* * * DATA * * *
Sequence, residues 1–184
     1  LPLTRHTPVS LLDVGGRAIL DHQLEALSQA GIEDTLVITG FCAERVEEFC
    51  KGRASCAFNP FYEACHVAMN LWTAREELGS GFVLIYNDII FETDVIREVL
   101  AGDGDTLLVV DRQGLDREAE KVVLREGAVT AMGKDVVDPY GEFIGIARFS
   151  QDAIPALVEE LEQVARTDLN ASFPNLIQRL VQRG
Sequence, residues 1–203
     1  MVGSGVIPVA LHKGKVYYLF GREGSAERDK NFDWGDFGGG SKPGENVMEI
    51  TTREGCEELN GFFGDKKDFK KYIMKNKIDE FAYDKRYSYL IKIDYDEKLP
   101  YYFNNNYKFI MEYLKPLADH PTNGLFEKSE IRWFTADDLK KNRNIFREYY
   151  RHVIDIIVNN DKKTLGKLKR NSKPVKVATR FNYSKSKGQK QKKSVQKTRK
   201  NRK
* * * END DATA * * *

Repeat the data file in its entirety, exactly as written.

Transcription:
Sequence, residues 1–184
     1  LPLTRHTPVS LLDVGGRAIL DHQLEALSQA GIEDTLVITG FCAERVEEFC
    51  KGRASCAFNP FYEACHVAMN LWTAREELGS GFVLIYNDII FETDVIREVL
   101  AGDGDTLLVV DRQGLDREAE KVVLREGAVT AMGKDVVDPY GEFIGIARFS
   151  QDAIPALVEE LEQVARTDLN ASFPNLIQRL VQRG
Sequence, residues 1–203
     1  MVGSGVIPVA LHKGKVYYLF GREGSAERDK NFDWGDFGGG SKPGENVMEI
    51  TTREGCEELN GFFGDKKDFK KYIMKNKIDE FAYDKRYSYL IKIDYDEKLP
   101  YYFNNNYKFI MEYLKPLADH PTNGLFEKSE IRWFTADDLK KNRNIFREYY
   151  RHVIDIIVNN DKKTLGKLKR NSKPVKVATR FNYSKSKGQK QKKSVQKTRK
   201  NRK